So called nature lovers not understanding natures ability or inability to support certain species of animal and bird which results in certain creatures being released and/or protected for too long in areas that can’t possibly support them for long.
Along a similar theme it totally disgusts me the same people have a complete lack of understanding the amount of money some have invested in fish and fisheries only to see their businesses disappear with no compensation even considered due to the release of what can only be described as vermin if it eats your stock.
Cormorants have caused catastrophic damage to our natural fish stocks here in the U.K. and were protected for far too long. Now we have a massive problem with our larger fish falling victim to recently introduced otters. Perhaps when our nature lovers start to see these otters start killing the cute cuddly things with fur and feather then perhaps a few will realise those cute otters are having to kill anything available including domestic pets simply to survive. Their preferred food was never in a plentiful amount in the first place.
Can you imagine the outcry if a few wolves were released back into the wild and they started to slowly make their way through the farmers livestock, the stock that their business and lives depend upon?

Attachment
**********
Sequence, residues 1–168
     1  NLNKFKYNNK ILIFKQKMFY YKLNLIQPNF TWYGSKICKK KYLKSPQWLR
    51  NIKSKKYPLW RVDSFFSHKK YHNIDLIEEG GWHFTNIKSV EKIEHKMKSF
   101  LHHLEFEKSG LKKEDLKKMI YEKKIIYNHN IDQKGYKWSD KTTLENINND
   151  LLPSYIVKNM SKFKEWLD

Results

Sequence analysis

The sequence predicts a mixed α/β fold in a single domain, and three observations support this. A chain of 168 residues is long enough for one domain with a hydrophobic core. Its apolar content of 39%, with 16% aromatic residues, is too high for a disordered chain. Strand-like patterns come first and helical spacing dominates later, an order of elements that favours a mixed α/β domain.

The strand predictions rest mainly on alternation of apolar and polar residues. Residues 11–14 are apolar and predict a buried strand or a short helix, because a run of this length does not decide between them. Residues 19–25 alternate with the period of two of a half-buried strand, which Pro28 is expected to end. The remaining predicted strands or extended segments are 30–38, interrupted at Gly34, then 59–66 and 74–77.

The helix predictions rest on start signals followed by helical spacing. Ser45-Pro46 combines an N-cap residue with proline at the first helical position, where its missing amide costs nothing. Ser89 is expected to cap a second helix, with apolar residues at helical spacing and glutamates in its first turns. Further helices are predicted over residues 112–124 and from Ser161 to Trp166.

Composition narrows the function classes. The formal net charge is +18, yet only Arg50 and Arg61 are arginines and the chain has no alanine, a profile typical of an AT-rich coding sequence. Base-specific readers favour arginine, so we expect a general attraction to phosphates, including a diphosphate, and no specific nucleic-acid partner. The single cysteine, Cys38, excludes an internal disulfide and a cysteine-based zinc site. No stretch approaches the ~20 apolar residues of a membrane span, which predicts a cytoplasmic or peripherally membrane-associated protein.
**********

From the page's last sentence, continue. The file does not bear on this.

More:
I see absolutely no difference between this and the person who has purchased or rented a lake and stocked it with fish. Purchased livestock is purchased livestock. Because Joe Public doesn’t see fish very often or indeed see them as anything other than something you can eat then we are totally up against it.
Give us some PB stats – what are you most proud of and why?
Ooh after so many years there have been so many proud moments. Some of the sizes of fish which have been really special at the time don’t necessarily sound anything like as big these days due to the sizes some of our fish are now growing.
To pick a few at random though.
1987 I was lucky enough to land what was then the largest catfish caught intentionally in the U.K. The record at that time was held by an accidental capture and the fish removed from the water (and died) so no chance of catching that one.
The same year I managed to land a 20lb carp, 20lb pike and a brace of 20lb catfish all in the same week and all from different venues. There was only one angler in the U.K. at that time who had managed to achieve that in a year!. Weight wise these days these fish don’t seem particularly large but the following year to put things into perspective I won the Anglers Mail fish of the month reward with a 26lb common! 20lb coarse fish were still quite special fish back then.
I later went on to land a catfish here in the U.K. of 108lb – now that was special as the record was only around half of that weight!
I was lucky also in landing a 200lb Blue Shark on just 12lb class gear whilst bait catching!
I had 2 x 50lb plus carp in 2 days from 2 different waters. Now that was a little nit special.
I have struck lucky a few times with the cameras rolling and catching on film some really good fish including hooking and landing carp to 54lb 4oz.
I have caught Salmon from 9 different U.K. rivers, I’m proud of that.
I have caught conger eels to 70lb, double figure wild carp, double figure barbel, some big catches of perch including 16 over 2lb in one afternoon with the largest going over 3lb.